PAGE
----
‘It’s only me who truly knows the cost’: The fighter sacrificing everything for a second shot at glory

Manchester PFL featherweight Brendan Loughnane (Getty Images)
Manchester PFL featherweight Brendan Loughnane (Getty Images)

“Sometimes you’re sat in the back, thinking: ‘I’m actually about to go out there and do this again.’ And the higher level the opponent is, the more scary it gets. Mate, it’s wild. It’s wild.”

It’s rare to hear a fighter speak so candidly about the nerves – fear, even – that can accompany a fight night and the entire build-up to a bout. But Brendan Loughnane’s honesty rivals his in-ring qualities.

The Manchester featherweight has compiled a 21-4 record in his 12 years as a professional mixed martial artist, with 13 of his wins coming via stoppage and three of his four defeats going down as split decisions. In June 2019, Loughnane achieved a comprehensive points victory on the UFC’s Contender Series show but was denied a contract with the promotion by president Dana White – despite viewers falling in love with Loughnane’s dynamic, versatile striking and impressive range management.

The 32-year-old had established himself as one of the sport’s hottest prospects, however, and soon signed with the Professional Fighters League (PFL), which utilises a unique play-off format and offers each of its champions a $1million winner’s cheque. Loughnane won his first two fights in the American promotion before the Covid pandemic disrupted the 2020 season, forcing the Briton to wait until 2021 for his first real shot at gold and glory in the PFL.

Loughnane followed a first-round KO win with a decision victory to reach the featherweight semi-finals, where he suffered the narrowest of points defeats by undefeated Dagestani Movlid Khaybulaev – the eventual champion.

“It’s hard when the fights are so close together,” Loughnane tells The Independent ahead of his season-opening clash with Ryoji Kudo in Texas this Thursday. “I broke my hand in the play-off, right, and I had surgery and two double-plates put in there. I had five weeks until the next fight.

Loughnane lands a knee en route to outpointing Tyler Diamond last year (Getty Images)
Loughnane lands a knee en route to outpointing Tyler Diamond last year (Getty Images)

“The [doctor] said: ‘That’s unheard of; it’s three months before you can even do any impact [training].’ I said: ‘I’ve got four weeks.’ That’s what I had to go through mentally and physically. I had to fight a 19-0 Dagestani killer with one hand. It’s the hardest thing I’ve ever done, and it’s gonna be again this year. I’m nervous about doing it again – but I’m excited.”

While the PFL season is unforgiving in its scheduling, it is offset by an off-season that provides its own benefits – including time to heal both injuries and personal relationships.

“I took a good month or two of doing nothing, then got back into slow training,” Loughnane says. “And I patched up all my friendships and relationships as well – because you’re away [in the US] for six months of the year, and you’re very emotionally and physically invested in the task at hand.”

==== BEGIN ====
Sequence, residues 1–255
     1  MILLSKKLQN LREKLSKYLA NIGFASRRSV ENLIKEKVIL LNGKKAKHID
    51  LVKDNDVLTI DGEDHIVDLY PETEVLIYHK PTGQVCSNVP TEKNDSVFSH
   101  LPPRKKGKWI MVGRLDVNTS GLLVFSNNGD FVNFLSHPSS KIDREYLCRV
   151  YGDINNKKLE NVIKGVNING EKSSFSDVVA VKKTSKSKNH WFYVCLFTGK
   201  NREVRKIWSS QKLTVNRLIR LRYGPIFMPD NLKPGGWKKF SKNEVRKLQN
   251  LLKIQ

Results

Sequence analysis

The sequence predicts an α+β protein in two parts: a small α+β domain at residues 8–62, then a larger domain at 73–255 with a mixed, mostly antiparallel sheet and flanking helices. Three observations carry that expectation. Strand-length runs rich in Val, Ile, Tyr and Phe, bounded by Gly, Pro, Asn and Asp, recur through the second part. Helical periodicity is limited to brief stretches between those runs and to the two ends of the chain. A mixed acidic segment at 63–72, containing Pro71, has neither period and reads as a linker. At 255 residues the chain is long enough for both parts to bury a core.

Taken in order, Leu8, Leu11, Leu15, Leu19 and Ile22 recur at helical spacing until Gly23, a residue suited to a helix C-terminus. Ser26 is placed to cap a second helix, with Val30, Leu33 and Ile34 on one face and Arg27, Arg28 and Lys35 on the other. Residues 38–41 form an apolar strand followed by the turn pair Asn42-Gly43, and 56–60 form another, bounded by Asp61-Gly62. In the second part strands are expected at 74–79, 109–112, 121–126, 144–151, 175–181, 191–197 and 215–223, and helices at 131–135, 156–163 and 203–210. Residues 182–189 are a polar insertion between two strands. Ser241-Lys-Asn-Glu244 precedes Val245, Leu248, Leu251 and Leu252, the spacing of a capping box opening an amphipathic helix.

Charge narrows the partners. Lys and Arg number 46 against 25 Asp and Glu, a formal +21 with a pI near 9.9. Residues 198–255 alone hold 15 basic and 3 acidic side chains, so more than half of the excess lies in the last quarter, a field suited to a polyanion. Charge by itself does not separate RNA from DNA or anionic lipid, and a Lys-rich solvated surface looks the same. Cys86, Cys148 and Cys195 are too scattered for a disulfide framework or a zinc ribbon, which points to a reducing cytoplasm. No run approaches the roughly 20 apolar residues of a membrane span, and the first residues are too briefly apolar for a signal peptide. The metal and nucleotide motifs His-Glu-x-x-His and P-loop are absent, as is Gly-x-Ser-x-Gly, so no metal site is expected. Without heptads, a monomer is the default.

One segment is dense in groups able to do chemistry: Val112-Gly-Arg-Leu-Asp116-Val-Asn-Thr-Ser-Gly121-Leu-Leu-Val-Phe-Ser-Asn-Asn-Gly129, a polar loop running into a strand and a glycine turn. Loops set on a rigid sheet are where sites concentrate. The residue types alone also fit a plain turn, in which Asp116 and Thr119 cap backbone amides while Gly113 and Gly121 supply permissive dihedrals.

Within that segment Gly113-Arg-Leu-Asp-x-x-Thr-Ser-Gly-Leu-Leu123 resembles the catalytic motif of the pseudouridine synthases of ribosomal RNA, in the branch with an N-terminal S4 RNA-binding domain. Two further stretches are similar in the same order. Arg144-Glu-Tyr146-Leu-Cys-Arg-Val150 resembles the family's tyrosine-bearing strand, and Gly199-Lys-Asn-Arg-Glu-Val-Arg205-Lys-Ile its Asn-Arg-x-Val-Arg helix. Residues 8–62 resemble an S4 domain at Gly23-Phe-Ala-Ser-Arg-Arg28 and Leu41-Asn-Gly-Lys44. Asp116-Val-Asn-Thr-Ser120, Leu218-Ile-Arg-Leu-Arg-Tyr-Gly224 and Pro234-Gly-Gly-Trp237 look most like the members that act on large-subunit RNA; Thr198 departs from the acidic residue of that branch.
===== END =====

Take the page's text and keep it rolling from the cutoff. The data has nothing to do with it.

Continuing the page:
Do Loughnane’s friends and family understand the reality of what he is undertaking – could any of them ever truly comprehend it?

“People will never, ever understand how hard it is until they’ve actually done it,” he stresses. “Cutting 15-20lbs in the space of one or two weeks, doing that four times in the space of five months, fighting world-class fighters so frequently, being away from your family, the diet, the anxiety around your opponent...

“People don’t see that, they just see a product on TV. They just say, ‘Oh, he doesn’t look good tonight,’ or, ‘He lost that one.’

In 2021, Loughnane returned to the ring five weeks after breaking his hand (Getty Images)
In 2021, Loughnane returned to the ring five weeks after breaking his hand (Getty Images)

“You can speak to people about it, but... The guy I last fought, I went for dinner with him in Dubai. He said: ‘It’s the hardest thing I’ve ever done in my life, I had to leave my family.’

“That’s someone I can talk to about it. But if I talk to my mum about it and say, ‘It's really hard this,’ yes, she’ll feel sorry for me and she’ll help me through the journey, but it’s only me who truly knows the cost – physically, mentally, emotionally.

“Your friendships, too – it gets hard... You’re away for six months, I haven’t got kids for that reason, but there are fighters in this tournament who have kids and families. It’s exceptionally difficult for them, so fair play to them for getting through it.”

I ask whether Loughnane, at 32, ever sees himself having children, and whether his fight dream has distorted any dreams he had for his life when he was younger.

“I just take every day as it comes,” he says. “I don’t think: ‘I want kids... I don’t want kids...’ Of course I want kids eventually, but I don’t think: ‘This is the year.’

“I’m so obsessed with my profession that women don’t get in the way, lifestyle doesn’t get in the way; everything is so focused on singularity. I missed the title barely last year, I will not be missing it this year.”

The 2022 PFL season began on 20 April. Channel 4 will be the exclusive UK broadcaster ofthe PFL’s inaugural Challenger Series, along with the 2022 PFL regular season, play-offs and world championship.